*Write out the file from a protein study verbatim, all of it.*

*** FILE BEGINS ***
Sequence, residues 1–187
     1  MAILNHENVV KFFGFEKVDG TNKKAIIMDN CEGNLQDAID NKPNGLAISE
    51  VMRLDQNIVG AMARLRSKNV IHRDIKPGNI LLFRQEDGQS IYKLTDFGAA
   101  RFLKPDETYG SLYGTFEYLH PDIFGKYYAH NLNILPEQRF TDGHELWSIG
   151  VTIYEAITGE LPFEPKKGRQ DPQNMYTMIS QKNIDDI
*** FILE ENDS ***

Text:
Sequence, residues 1–187
     1  MAILNHENVV KFFGFEKVDG TNKKAIIMDN CEGNLQDAID NKPNGLAISE
    51  VMRLDQNIVG AMARLRSKNV IHRDIKPGNI LLFRQEDGQS IYKLTDFGAA
   101  RFLKPDETYG SLYGTFEYLH PDIFGKYYAH NLNILPEQRF TDGHELWSIG
   151  VTIYEAITGE LPFEPKKGRQ DPQNMYTMIS QKNIDDI